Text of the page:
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Sorting Out the Local Elections | SANTA MONICA CITY
COUNCIL

Renters Faction Prevails

Advocates hold on to a majority in balloting that featured a varied field.

November 07, 1996|MARILYN MARTINEZ | SPECIAL TO THE TIMES

Renters rights advocates, who have dominated Santa Monica politics for more than a decade, held on to a majority of City Council posts with the reelection Tuesday of two incumbent council members and the capture of a vacant seat.

Another incumbent, with more conservative leanings, retained her position.

Incumbents Ken Genser and Paul Rosenstein, who are affiliated with Santa Monicans for Renters Rights, claimed a narrow victory over 11 challengers. Michael Feinstein, an environmentalist and member of the renters rights group, won a seat vacated by Councilwoman Judy Abdo.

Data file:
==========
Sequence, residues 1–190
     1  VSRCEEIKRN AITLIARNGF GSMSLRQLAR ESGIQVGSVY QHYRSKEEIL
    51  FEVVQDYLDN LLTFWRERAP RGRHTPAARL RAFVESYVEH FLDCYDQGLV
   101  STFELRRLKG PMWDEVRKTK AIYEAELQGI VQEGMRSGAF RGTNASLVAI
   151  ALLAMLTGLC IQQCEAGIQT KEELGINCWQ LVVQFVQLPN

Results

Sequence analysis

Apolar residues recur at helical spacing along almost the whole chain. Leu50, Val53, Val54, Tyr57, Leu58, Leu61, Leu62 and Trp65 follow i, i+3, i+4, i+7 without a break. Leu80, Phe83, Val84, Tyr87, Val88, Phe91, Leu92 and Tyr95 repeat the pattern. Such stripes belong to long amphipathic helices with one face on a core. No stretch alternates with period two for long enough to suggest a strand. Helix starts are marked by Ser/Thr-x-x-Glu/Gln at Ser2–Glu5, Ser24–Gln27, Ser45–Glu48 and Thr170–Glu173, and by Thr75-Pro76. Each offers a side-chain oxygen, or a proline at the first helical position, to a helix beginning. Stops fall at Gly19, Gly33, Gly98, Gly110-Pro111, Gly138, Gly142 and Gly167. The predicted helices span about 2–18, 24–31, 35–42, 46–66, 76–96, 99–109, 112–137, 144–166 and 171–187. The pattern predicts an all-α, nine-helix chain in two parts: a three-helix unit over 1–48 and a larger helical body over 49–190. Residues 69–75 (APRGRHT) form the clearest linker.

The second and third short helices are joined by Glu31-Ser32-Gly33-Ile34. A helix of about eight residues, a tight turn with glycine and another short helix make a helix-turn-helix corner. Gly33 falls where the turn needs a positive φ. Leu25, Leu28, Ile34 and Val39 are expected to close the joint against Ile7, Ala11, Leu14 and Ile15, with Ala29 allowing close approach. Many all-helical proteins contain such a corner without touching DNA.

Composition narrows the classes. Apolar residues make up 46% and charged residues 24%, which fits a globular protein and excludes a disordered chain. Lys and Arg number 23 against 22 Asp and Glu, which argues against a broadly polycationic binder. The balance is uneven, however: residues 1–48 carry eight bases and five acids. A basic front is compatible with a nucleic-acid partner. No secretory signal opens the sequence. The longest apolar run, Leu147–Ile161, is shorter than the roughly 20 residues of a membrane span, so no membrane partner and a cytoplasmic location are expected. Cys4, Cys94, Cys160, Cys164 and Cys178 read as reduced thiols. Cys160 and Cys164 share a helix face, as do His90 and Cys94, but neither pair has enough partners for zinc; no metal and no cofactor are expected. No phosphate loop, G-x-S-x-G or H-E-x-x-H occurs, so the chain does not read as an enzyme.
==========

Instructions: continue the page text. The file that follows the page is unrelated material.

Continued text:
Also on the seven-member council is renters rights group member Pam O'Connor.

Incumbent Councilwoman Asha Greenberg, who was backed by the Coalition for a Safe Santa Monica, a group that advocates a tough stand against the city's homeless population, was reelected.

A wide field of candidates with varied interests--from business community leaders to advocates for the homeless--jockeyed for four seats in a genial election in which most candidates agreed that the city was headed in the right direction. Several cited the success of the Third Street Promenade.

Some city political observers believed that the renters rights group was vulnerable to losing its long-held council majority because of the departure of Abdo. Rosenstein, who ran an independent campaign despite his membership in the group, said he believes the city will follow policies to rejuvenate its commercial districts, protect renters and provide a welcoming respite for the homeless.

"I think the general direction the city is going in will continue," he said.

Feinstein ran a campaign calling for more city parks and open space, more city support of the school district and free alternative-energy shuttles to ease traffic resulting from new development.

"The city has ignored the development of more open space and has not conditioned development on the capacity of our public transit infrastructure," said Feinstein, who works as a staff member of the Green Party and is a businessman.

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